Investment Climate January 2024: The Question of Our Time, Part VII
In writing the quarterly Investment Climate, we often pause and contemplate the mere fact that we are even bothering to write about a quarterly view of the market/economy/business environment, given that we fervently adhere to a long-term approach which defines short-term as 10-20 years, medium -term as 20-30 years and long-term as 30-100 years. Yes, we know, for all too many the comment is: “I will be dead by the time your long-term comes about”; to that we say: “if you want to truly be successful, and build wealth, that is the way you must think.
With that in mind, our discussion about the last quarter is simply that virtually everything recovered in the last quarter to end a rough couple of years on quite a positive note -- particularly in the stock values of growing companies. This was because the rapid rise in interest rates and inflation (the worst such rise in fifty years) appears to be over. It is likely that stock prices for growing companies will outperform their more cyclical counterparts in the coming quarters/years as the Fed grapples with the fact that they have now overshot on the upside with rates after years of being far too easy. It is notable that our portfolio companies, both smaller and fast-growing as well as more “stable-growing” and dividend paying, have witnessed relatively positive business trends over this period of rising rates/inflation. This is and always will be where our focus lies.
So, what of the of the question of our time? And “Part VII”?
On May 6, 2010, we wrote in our blog a post entitled “The Question of Our Time”. Within it, we asked what we believed to be a critical issue facing the world at that time: how much government involvement should there be in the economy? How much should the government spend on projects that do not produce? And specifically, in that piece, we were questioning the lavish pension payments that were being paid in Greece, and California, to people who no longer produce. The natural progression of such a question leads one down the path of asking what should the role of government be? Hence, it is the question of our time.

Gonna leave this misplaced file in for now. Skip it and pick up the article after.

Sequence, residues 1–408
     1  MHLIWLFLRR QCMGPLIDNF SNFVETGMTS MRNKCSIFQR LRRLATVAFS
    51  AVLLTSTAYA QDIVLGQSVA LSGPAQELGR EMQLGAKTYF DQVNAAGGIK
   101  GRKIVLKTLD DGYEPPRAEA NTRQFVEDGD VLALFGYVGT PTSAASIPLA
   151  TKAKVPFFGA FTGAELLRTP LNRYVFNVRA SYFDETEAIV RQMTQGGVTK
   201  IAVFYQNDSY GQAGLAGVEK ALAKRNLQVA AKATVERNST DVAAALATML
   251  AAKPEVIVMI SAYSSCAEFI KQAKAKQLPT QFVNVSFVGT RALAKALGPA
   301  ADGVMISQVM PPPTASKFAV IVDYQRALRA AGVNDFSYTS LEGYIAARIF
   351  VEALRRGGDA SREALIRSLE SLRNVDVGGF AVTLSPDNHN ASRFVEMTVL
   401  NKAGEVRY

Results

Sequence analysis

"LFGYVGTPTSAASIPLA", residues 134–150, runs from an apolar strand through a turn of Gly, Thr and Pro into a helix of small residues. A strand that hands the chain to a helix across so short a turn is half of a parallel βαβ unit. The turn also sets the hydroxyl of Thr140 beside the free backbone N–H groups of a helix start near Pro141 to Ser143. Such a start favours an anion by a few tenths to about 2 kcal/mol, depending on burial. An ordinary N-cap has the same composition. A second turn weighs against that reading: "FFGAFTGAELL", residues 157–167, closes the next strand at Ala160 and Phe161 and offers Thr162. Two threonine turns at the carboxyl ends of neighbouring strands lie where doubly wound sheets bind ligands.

We had just witnessed the heavy hand of government involvement in the economy, and our everyday lives, in the wake of the dot.com bubble blowup (Sarbannes-Oxley, NASDAQ trading settlement, Regulation FD) and the 9/11 attacks (Patriot Act, et al) and were seeing the unleashing of Dodd-Frank banking regulations as the 2008-9 mortgage crisis was barely in the rearview mirror. The 21st Century was fast becoming the era of big government on steroids. Unfortunately, this trend has not only continued, but accelerated during the COVID fiasco where government took it upon themselves to literally shut down the world economy. This last episode of overreach may go down in history as the single most invasive, ill-fated, and absurd action from public servants in world history.
There has to be a “correction” in this trend, at the very least.
However, it is notable that as this piece is being penned, the “elites” of the World Economic Forum are gathering for their annual meeting in Davos Switzerland. These are the folks who believe you will “own nothing, and you will be happy”! Of course, that is in their fanciful world where they (and a few favored corporations) get to make all the decisions, and have all the wealth, while you can sit down and shut up! Now, almost fifteen years after we questioned how much, or even if the government should pay those who produce nothing, we are faced with questions about whether we even have a right to our private property.
This is all quite negative. And yet, it appears regular people are fighting back. Perhaps the best example of this has been the election of Javier Milei in Argentina; a country whose decades long heavy hand from government has driven the once very successful economy into the ground with wild money printing and control from the top down. Milei is wasting no time in slashing the size of government and is an example of what can be possible with the right leadership. Similar populist challenges to current regimes have been successful in Italy and New Zealand recently. We shall see if these trends hold in other parts of the world.
What is remarkable is that we continue to see innovative companies succeed in the face of all this massive government action (fortunately, the Davos crowd has not succeeded in keeping us from being owners). We expect that the question of how much government people want will ultimately end up being answered as such: not so much that our human progress is continuously eroded and our opportunities for advancement are totally controlled by others. The approach in which the few favored decide everything for the many has been tried and failed throughout history. In order to ensure that these last couple of decades of overreach are held in check, it will be important for individuals and businesses alike to stay diligent in fighting back against those who would just as soon take away freedoms “for your own good”.
Meanwhile, we keep plugging away at running our businesses and answering the questions of our time. And this may be a sign that we are answering the question correctly as the Supreme Court takes up the “Chevron Deference” case with the possibility of limitation on regulatory overreach. We shall see.
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